A relaxing, routine activity right before bedtime conducted away from bright lights helps separate your sleep time from activities that can cause excitement, stress or anxiety which can make it more difficult to fall asleep, get sound and deep sleep or remain asleep. Avoid arousing activities before bedtime like working, paying bills, engaging in competitive games or family problem-solving. Some studies suggest that soaking in hot water (such as a hot tub or bath) before retiring to bed can ease the transition into deeper sleep, but it should be done early enough that you are no longer sweating or over-heated. If you are unable to avoid tension and stress, it may be helpful to learn relaxation therapy from a trained professional. Finally, avoid exposure to bright light before bedtime because it signals the neurons that help control the sleep-wake cycle that it is time to awaken, not to sleep.
3. Create a sleep-conducive environment that is dark, quiet, comfortable and cool.
Design your sleep environment to establish the conditions you need for sleep – cool, quiet, dark, comfortable and free of interruptions. Also make your bedroom reflective of the value you place on sleep. Check your room for noise or other distractions, including a bed partner's sleep disruptions such as snoring, light, and a dry or hot environment. Consider using blackout curtains, eye shades, ear plugs, "white noise," humidifiers, fans and other devices.
4. Sleep on a comfortable mattress and pillows.
Make sure your mattress is comfortable and supportive. The one you have been using for years may have exceeded its life expectancy – about 9 or 10 years for most good quality mattresses. Have comfortable pillows and make the room attractive and inviting for sleep but also free of allergens that might affect you and objects that might cause you to slip or fall if you have to get up during the night.
5. Use your bedroom only for sleep and sex.
It is best to take work materials, computers and televisions out of the sleeping environment. Use your bed only for sleep and sex to strengthen the association between bed and sleep. If you associate a particular activity or item with anxiety about sleeping, omit it from your bedtime routine. For example, if looking at a bedroom clock makes you anxious about how much time you have before you must get up, move the clock out of sight. Do not engage in activities that cause you anxiety and prevent you from sleeping.
6. Finish eating at least 2-3 hours before your regular bedtime.
Eating or drinking too much may make you less comfortable when settling down for bed. It is best to avoid a heavy meal too close to bedtime. Also, spicy foods may cause heartburn, which leads to difficulty falling asleep and discomfort during the night. Try to restrict fluids close to bedtime to prevent nighttime awakenings to go to the bathroom, though some people find milk or herbal, non-caffeinated teas to be soothing and a helpful part of a bedtime routine.
7. Exercise regularly. It is best to complete your workout at least a few hours before bedtime.
In general, exercising regularly makes it easier to fall asleep and contributes to sounder sleep. However, exercising sporadically or right before going to bed will make falling asleep more difficult. In addition to making us more alert, our body temperature rises during exercise, and takes as much as 6 hours to begin to drop. A cooler body temperature is associated with sleep onset... Finish your exercise at least 3 hours before bedtime. Late afternoon exercise is the perfect way to help you fall asleep at night.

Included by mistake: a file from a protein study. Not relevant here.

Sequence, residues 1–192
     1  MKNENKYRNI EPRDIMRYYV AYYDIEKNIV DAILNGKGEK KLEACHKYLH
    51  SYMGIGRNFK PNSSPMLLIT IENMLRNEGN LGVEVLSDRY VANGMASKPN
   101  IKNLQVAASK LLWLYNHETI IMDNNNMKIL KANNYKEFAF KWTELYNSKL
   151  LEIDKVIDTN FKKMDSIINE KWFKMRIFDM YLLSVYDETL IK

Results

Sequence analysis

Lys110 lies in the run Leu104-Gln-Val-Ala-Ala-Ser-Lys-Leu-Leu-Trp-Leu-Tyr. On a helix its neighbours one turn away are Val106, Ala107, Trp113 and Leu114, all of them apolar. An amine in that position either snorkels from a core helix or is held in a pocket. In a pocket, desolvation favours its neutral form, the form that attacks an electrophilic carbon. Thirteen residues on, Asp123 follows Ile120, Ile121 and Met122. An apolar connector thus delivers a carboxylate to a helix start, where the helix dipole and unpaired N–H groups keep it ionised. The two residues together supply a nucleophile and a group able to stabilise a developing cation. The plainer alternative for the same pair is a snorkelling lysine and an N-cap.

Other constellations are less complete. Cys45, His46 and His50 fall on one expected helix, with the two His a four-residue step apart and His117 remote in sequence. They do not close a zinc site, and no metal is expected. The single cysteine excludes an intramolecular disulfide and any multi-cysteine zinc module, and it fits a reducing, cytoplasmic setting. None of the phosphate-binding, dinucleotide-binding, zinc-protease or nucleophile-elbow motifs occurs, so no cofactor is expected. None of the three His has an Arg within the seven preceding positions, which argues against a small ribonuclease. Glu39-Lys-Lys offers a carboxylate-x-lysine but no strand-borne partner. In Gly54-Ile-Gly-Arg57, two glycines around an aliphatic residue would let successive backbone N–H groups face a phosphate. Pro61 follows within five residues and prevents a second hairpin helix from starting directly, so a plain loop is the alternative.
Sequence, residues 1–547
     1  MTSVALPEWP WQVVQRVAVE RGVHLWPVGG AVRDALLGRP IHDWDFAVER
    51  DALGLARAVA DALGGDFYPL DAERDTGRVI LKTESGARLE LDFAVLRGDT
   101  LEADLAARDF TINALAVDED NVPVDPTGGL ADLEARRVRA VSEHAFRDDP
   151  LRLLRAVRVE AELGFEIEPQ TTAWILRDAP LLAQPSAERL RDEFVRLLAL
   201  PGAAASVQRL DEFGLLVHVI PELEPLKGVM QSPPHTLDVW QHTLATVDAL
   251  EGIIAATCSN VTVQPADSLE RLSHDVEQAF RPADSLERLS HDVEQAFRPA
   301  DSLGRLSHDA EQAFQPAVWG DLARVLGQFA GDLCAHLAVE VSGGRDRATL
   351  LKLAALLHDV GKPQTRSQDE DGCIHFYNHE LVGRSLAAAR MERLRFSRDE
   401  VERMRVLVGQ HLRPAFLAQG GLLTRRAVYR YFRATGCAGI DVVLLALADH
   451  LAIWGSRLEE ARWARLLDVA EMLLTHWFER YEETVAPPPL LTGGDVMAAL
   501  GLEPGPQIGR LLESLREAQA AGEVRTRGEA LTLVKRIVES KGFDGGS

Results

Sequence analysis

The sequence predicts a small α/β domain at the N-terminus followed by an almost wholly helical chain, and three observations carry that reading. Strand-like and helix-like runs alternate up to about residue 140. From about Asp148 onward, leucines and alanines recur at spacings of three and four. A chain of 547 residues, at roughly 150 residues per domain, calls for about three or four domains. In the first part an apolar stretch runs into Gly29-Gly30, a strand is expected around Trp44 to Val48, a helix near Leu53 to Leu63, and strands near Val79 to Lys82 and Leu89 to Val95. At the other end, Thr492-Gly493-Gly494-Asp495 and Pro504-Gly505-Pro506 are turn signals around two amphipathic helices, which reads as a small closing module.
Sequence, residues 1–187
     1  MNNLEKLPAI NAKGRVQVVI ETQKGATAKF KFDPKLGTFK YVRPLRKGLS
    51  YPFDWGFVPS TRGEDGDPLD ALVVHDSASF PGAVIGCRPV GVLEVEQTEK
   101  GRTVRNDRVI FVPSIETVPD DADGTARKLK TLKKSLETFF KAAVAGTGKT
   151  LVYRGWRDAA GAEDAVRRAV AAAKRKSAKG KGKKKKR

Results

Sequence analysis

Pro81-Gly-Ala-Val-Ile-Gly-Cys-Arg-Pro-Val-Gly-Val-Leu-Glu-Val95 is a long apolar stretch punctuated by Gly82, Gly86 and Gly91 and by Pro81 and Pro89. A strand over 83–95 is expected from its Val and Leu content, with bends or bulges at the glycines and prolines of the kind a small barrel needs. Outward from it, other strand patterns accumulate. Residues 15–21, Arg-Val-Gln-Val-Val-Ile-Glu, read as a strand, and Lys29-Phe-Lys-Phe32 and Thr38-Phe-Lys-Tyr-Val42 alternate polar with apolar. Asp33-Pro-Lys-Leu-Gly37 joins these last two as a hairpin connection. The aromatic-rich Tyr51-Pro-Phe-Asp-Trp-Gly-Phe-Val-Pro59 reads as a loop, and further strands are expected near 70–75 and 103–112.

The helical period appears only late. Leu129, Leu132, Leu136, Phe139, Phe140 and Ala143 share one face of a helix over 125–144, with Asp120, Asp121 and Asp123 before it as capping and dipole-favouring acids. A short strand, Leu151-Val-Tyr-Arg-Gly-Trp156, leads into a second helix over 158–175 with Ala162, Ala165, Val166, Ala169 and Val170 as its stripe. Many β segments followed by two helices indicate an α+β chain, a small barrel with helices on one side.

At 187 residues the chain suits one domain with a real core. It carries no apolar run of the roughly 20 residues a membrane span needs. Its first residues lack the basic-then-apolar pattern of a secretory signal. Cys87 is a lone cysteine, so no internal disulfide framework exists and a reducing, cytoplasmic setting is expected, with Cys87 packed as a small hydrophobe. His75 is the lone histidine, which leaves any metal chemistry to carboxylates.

8. Avoid caffeine (e.g. coffee, tea, soft drinks, chocolate) close to bedtime. It can keep you awake.
Caffeine is a stimulant, which means it can produce an alerting effect. Caffeine products, such as coffee, tea, colas and chocolate, remain in the body on average from 3 to 5 hours, but they can affect some people up to 12 hours later. Even if you do not think caffeine affects you, it may be disrupting and changing the quality of your sleep. Avoiding caffeine within 6-8 hours of going to bed can help improve sleep quality.
9. Avoid nicotine (e.g. cigarettes, tobacco products). Used close to bedtime, it can lead to poor sleep.
Nicotine is also a stimulant. Smoking before bed makes it more difficult to fall asleep. When smokers go to sleep, they experience withdrawal symptoms from nicotine, which also cause sleep problems. Nicotine can cause difficulty falling asleep, problems waking in the morning, and may also cause nightmares. Difficulty sleeping is just one more reason to quit smoking. And never smoke in bed or when sleepy!
10. Avoid alcohol close to bedtime.
Although many people think of alcohol as a sedative, it actually disrupts sleep, causing nighttime awakenings. Consuming alcohol leads to a night of less restful sleep.
If you have sleep problems...
Use a sleep diary and talk to your doctor. Note what type of sleep problem is affecting your sleep or if you are sleepy when you wish to be awake and alert. Try these tips and record your sleep and sleep-related activities in a sleep diary. If problems continue, discuss the sleep diary with your doctor. There may be an underlying cause and you will want to be properly diagnosed. Your doctor will help treat the problem or may refer you to a sleep specialist.
To learn more about The Polyclinic's Sleep Medicine Center, http://www.polyclinic.com/?q=sleep_medicine_center">Click Here or call us at (206) 860-4545.
"Healthy Sleep Tips." National Sleep Foundation, Online, 25 February 2008
Erik is a journalism student at the University of Oregon and currently a intern at Palazzo Creative.